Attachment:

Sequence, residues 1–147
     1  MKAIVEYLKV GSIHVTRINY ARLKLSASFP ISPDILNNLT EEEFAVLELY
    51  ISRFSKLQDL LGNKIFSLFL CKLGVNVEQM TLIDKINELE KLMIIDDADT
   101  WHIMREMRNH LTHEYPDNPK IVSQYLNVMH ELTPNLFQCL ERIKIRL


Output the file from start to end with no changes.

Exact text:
Sequence, residues 1–147
     1  MKAIVEYLKV GSIHVTRINY ARLKLSASFP ISPDILNNLT EEEFAVLELY
    51  ISRFSKLQDL LGNKIFSLFL CKLGVNVEQM TLIDKINELE KLMIIDDADT
   101  WHIMREMRNH LTHEYPDNPK IVSQYLNVMH ELTPNLFQCL ERIKIRL